In the spring, Cory and I both linked to the Kickstarter campaign for Coffee Joulies. Here was the promise of these intriguing metallic lozenges:
Coffee Joulies work with your coffee to achieve two goals. First, they absorb extra thermal energy in your coffee when it's served too hot, cooling it down to a drinkable temperature three times faster than normal. Next, they release that stored energy back into your coffee keeping it in the right temperature range twice as long.
Well, Marco Arment the creator of the fabulous Instapaper
bought some Coffee Joulies and ran them through some tests. His conclusion: they aren't worth two dead flies.
I could do more tests with different conditions, but I honestly don’t want to spend another four hours to reinforce what seems pretty clear already: Coffee Joulies do work, but their effect isn’t very strong, and it’s nowhere near their claims that the drink “will be ready to drink three times sooner and will remain hot twice as long.” In fact, the effect is barely noticeable.
I imagine they’d fare well in an all-day test in a vacuum mug or bottle, but the effect is going to be similar to my insulated-mug test: an improvement, but not by much.
UPDATE: The makers of the Coffee Joulies have responded in the comments. They say, "We have run our own tests in literally dozens of scenarios, and the performance varies from greatly exceeding our claims to situations like Marcos"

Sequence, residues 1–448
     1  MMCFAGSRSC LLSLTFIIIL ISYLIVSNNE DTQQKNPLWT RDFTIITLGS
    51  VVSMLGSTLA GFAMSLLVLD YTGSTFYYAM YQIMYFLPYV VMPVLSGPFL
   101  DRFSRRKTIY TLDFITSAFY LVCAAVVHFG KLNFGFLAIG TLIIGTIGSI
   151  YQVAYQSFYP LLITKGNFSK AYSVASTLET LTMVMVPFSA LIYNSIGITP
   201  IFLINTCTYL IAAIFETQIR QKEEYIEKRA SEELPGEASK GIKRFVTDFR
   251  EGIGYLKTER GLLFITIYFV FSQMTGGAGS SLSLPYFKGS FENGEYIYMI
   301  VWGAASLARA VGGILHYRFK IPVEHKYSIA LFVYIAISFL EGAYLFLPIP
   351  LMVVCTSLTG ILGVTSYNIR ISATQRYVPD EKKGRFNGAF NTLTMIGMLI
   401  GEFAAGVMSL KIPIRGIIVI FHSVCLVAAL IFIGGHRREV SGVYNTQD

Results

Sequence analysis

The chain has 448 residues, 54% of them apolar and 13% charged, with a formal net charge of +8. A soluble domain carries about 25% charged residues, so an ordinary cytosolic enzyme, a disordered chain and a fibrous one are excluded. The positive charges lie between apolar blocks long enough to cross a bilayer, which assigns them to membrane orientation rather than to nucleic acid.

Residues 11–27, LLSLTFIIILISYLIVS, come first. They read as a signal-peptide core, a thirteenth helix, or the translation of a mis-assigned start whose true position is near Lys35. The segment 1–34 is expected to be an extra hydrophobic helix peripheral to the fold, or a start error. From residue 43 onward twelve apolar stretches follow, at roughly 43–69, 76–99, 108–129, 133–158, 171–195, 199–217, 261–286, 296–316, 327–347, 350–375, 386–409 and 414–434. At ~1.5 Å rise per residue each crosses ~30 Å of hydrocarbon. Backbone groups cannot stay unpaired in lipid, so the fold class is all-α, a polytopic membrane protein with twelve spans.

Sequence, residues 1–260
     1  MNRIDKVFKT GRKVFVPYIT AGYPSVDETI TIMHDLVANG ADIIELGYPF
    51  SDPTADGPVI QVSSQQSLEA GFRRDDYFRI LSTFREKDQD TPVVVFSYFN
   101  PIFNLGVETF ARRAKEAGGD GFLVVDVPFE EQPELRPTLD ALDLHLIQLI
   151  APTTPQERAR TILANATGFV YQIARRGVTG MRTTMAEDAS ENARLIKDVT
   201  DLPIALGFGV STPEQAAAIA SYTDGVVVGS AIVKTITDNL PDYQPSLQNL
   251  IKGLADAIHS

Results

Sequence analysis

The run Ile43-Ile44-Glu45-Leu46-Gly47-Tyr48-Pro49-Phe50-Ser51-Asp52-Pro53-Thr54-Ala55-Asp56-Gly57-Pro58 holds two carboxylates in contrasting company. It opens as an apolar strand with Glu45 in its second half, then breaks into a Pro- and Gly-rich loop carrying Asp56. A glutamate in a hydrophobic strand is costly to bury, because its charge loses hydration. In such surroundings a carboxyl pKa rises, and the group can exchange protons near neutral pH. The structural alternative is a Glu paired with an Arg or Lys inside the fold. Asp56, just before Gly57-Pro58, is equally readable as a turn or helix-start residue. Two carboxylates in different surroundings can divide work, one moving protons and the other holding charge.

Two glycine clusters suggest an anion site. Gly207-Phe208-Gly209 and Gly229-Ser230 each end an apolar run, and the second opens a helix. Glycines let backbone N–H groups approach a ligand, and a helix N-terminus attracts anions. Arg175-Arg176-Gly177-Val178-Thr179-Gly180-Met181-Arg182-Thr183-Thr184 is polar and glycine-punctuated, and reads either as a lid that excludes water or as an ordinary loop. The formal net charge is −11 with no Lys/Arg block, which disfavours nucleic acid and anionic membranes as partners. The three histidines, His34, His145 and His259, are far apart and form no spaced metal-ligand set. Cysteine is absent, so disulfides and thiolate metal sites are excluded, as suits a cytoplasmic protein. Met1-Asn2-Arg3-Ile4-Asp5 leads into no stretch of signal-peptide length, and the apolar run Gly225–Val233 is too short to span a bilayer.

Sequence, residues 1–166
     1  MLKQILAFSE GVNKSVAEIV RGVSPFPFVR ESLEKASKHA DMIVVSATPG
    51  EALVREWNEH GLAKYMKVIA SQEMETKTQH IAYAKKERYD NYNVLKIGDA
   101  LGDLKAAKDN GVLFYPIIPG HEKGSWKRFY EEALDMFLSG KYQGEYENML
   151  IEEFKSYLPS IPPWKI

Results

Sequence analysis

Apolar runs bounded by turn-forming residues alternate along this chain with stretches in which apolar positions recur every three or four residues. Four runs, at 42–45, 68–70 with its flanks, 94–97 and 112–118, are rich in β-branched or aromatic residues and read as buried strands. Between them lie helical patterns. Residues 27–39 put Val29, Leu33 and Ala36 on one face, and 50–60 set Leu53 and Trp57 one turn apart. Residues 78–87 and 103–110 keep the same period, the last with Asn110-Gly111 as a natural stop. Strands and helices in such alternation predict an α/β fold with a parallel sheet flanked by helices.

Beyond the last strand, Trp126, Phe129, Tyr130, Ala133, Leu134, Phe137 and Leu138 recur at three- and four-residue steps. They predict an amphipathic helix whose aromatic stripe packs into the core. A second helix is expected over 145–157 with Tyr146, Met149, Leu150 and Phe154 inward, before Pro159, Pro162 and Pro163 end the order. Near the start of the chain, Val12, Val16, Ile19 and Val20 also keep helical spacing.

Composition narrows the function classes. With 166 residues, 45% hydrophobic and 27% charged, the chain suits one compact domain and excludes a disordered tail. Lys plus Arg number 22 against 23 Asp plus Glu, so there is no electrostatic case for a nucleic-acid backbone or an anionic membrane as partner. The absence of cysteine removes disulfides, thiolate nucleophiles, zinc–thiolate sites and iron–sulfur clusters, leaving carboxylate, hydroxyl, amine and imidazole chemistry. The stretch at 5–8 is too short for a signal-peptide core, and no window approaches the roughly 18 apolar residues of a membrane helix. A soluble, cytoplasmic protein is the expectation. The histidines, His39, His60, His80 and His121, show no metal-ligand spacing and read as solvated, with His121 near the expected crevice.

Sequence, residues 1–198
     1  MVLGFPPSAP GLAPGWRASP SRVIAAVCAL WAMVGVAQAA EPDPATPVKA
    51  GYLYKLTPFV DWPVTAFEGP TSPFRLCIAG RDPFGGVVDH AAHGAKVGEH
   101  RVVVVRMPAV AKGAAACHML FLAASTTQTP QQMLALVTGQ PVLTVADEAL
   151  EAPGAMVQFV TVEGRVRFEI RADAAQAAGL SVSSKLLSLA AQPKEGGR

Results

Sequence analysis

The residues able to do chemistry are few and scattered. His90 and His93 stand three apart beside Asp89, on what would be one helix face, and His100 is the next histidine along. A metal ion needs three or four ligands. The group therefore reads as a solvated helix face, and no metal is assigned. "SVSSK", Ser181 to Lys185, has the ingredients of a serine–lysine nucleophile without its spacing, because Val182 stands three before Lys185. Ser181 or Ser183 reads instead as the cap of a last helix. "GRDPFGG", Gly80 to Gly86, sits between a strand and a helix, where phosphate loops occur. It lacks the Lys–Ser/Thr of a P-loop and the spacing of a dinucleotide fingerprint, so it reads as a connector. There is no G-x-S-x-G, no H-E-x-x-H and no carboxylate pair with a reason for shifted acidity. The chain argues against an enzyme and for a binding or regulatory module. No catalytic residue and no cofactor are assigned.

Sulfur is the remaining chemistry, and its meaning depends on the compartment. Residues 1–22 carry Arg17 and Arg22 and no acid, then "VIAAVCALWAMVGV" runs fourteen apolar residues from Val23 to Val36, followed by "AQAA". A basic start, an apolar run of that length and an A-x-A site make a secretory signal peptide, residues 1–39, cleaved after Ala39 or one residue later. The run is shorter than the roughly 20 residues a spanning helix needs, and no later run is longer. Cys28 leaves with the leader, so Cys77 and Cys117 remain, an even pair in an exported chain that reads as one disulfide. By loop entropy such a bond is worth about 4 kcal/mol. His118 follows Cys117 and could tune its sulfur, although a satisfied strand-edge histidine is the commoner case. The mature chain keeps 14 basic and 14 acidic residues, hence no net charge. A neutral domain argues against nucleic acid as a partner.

Coffee Joulies review (Thanks, Jeff!)
Why we secretly love our cords. Tamara Warren: There’s a certain security in the cord. It’s the idea of connection, perhaps even dating back to our days in the womb. … A battery, no matter how sophisticated, is fleeting. When we have our cords with us, we are in constant pursuit of power, even when […]
The classic beatbox – not an expensive clone or a collection of cleverly-tweaked samples – is back. Roland’s TR-08 directly models the original machine’s analog circuits to recreate its sound as accurately as possible with modern digital technology, and joins revived versions of the TR-909[Amazon] and TB-202[Amazon] in the company’s lineup of boutique boxes. The […]
Coming after improvements to Firefox and continued unease at Google’s life-pervading insight, this image is outperforming the ███████ ████ Virality Control Group today (via). It got me thinking about all the promises that were made. Here’s the earliest article in Google News to contain “Big browser” in its headline, published by Time Magazine on Nov. […]
The Pry.Me Bottle Opener holds tens of thousands of times its own weight, and you can pick one up now from the Boing Boing Store.This remarkable keychain is considerably smaller than any of your keys, but don’t let that fool you: it can easily open any bottle, and could even tow a trailer full of […]
Guaranteeing your privacy online goes way beyond checking the “Do Not Track” option in your browser’s settings. To ensure that your internet activity is totally hidden from Internet Service Providers, advertisers, and other prying eyes, take a look at Windscribe’s VPN protection. It usually costs $7.50 per month, but you can get a 3-year subscription […]
This project management bundle will help you get organized and learn how to lead a team to success. You can pay what you want for these five courses when you pick them up from the Boing Boing Store.To help you become an invaluable asset for your company, this bundle includes a curated collection of professional […]